Taxonomy

Alnus glutinosa | Alder | Fearnóg

Distribution

Status

Conservation status

Not protected

Native status

Native

Species Biology

Identification

Flowers: March – April; catkins, resembling small pine cones when old

Fruits: Small winged seeds

Twigs & bark: Twigs with raised orange spots; bark dark brown, fissured when mature

Habitat

River-side and damp woods, basic to moderately acidic soils

Life cycle

Perennial

Ex-situ conservation

Not known

Use

Stabilisation/anti-erosion

Vegetative nature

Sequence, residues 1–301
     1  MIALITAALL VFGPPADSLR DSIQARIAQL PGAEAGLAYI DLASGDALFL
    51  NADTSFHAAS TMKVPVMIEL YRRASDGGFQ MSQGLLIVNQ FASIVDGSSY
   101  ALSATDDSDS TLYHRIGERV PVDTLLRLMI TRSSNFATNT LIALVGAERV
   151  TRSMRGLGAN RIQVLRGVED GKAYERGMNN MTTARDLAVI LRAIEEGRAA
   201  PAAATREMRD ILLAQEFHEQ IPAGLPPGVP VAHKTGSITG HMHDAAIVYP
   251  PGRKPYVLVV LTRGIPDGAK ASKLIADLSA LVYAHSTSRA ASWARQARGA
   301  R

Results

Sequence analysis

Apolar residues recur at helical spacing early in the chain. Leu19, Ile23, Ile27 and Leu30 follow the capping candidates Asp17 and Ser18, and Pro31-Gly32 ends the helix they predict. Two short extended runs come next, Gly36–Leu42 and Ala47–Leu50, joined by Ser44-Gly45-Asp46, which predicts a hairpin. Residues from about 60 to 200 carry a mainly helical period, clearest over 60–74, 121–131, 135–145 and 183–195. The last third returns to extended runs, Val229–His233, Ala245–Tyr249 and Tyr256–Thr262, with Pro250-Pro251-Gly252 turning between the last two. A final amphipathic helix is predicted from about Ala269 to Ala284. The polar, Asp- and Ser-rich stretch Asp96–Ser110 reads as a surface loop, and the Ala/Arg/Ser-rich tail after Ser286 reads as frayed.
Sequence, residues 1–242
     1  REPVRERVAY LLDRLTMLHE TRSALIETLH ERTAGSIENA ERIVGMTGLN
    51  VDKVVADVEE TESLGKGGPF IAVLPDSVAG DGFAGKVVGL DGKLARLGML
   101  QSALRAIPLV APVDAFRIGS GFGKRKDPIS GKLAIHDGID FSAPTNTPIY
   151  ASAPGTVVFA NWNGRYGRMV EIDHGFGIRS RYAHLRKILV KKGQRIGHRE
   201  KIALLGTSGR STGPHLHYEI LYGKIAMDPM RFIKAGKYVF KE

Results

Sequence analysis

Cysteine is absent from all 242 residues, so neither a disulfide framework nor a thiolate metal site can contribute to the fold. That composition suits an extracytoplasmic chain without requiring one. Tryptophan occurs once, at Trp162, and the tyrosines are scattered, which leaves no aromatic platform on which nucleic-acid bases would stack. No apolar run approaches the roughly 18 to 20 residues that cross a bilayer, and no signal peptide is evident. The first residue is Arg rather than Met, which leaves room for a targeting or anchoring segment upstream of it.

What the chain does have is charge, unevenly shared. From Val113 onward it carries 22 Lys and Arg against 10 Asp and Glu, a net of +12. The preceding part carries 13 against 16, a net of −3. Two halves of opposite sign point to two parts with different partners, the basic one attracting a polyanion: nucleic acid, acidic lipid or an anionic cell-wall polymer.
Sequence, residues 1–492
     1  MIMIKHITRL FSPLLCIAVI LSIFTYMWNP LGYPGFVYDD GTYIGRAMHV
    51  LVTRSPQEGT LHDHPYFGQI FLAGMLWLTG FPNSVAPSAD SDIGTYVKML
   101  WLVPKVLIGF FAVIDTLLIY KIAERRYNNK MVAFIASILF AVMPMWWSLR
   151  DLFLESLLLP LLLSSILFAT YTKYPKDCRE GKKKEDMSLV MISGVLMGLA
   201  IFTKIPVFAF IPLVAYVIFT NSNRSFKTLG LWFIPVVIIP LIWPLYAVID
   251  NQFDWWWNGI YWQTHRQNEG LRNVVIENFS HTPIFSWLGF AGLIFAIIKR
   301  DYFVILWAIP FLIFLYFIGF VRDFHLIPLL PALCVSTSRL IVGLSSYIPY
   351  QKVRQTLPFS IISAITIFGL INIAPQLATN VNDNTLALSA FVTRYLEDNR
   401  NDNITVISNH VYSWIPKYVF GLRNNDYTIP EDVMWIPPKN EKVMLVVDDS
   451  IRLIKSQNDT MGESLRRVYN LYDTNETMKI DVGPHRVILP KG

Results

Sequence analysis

Woody

Distribution

World distribution(GBIF)

Irish distribution

Widespread and common

Temporal change

Records submitted to Data Centre in 2021

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Further information

Fast growing tree, quick to colonise. The wood is slow to rot, and is often used to make sluice gates in canals and were used to make round shields in ancient times.

Alnus glutinosa is a nitrogen-fixer. It has symbiotic relationship with a bacterium which are found in its root nodules. This improves the fertility of the soil. It is also an important pioneer species in ecological succession. The wood has been used for building, especially in water logged conditions due to its durability.

References

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